Function in C++ Programming | C++ Programming

Function in C++ Programming

Default Arguments 

        When declaring a function we can specify a default value for each of the last parameters which are called default arguments. This value will be used if the corresponding argument is left blank when calling to the function. To do that, we simply have to use the assignment operator and a value for the arguments in the function declaration. If a value for that parameter is not passed when the function is called, the default value is used, but if a value is specified this default value is ignored and the passed value is used instead. 

For example:

// default values in functions

using namespace std;
int divide (int a, int b=2)
{
int r; r=a/b;
return (r);
}
int main ()
{
cout << divide (12);
cout << endl;
cout << divide (20,4);
return 0;
}

As we can see in the body of the program there are two calls to function divide. In the first one:

divide (12)

We have only specified one argument, but the function divide allows up to two. So the function divide has assumed that the second parameter is 2 since that is what we have specified to happen if this parameter was not passed (notice the function declaration, which finishes with int b=2, not just int b). Therefore the result of this function call is 6 (12/2).

In the second call: divide (20,4) There are two parameters, so the default value for b (int b=2) is ignored and b takes the value passed as argument, that is 4, making the result returned equal to 5 (20/4).


Inline Functions 

Function call is a costly operation. During the function call it’s execution our system takes overheads like: Saving the values of registers, Saving the return address, Pushing arguments in the stack, Jumping to the called function, Loading registers with new values, Returning to the calling function, and reloading the registers with previously stored values. For large functions this overhead is negligible but for small function taking such large overhead is not justifiable. To solve this problem concept of inline function is introduced in c++.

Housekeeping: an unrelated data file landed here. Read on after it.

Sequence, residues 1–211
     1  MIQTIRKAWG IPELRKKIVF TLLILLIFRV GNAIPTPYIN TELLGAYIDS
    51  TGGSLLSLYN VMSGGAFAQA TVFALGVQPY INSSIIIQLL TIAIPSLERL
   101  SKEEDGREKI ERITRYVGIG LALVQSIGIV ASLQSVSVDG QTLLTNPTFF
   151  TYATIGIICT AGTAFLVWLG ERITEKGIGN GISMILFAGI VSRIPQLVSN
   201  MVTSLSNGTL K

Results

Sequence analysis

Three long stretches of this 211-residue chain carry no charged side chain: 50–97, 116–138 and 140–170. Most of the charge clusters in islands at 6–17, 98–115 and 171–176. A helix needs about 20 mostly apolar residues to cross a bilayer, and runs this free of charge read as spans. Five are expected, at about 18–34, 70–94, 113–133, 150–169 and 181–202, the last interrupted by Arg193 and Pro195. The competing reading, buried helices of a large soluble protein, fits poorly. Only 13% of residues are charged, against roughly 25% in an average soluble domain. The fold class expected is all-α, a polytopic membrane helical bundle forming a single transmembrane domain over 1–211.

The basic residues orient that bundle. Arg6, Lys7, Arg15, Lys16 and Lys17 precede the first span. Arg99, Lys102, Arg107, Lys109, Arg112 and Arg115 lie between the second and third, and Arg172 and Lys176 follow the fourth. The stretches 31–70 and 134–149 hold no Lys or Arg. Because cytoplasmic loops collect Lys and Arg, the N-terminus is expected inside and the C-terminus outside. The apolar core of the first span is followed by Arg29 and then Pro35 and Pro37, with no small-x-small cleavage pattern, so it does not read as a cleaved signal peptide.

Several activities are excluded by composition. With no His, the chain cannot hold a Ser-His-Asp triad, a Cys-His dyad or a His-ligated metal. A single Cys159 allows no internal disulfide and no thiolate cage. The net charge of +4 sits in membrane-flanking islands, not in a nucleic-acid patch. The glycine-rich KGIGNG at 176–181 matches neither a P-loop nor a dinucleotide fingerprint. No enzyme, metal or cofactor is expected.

The functions which are expanded inline by the compiler each time it’s call is appeared instead of jumping to the called function as usual is called inline function. This does not change the behavior of a function itself, but is used to suggest to the compiler that the code generated by the function body is inserted at each point the function is called, instead of being inserted only once and perform a regular call to it, which generally involves some additional overhead in running time. Example: 

#include<isostream.h>    
#include<conio.h> 
inline void sum(int a int b) 

int s; 
s= a+b; 
cout<<”Sum=”<<s<<end1;
}
Void main() 

clrscr(); 
int x, y; 
cout<<”Enter two numbers”<
cin>>x>>y 
sum(x,y); 
getch(); 
}


Here at the time of function call instead of jumping to the called function, function call statement is replaced by the body of the function. So there is no function call overhead.



Overloaded functions 

In C++ two different functions can have the same name if their parameter types or number are different. That means that you can give the same name to more than one function if they have either a different number of parameters or different types in their parameters. This is called function overloading. For example: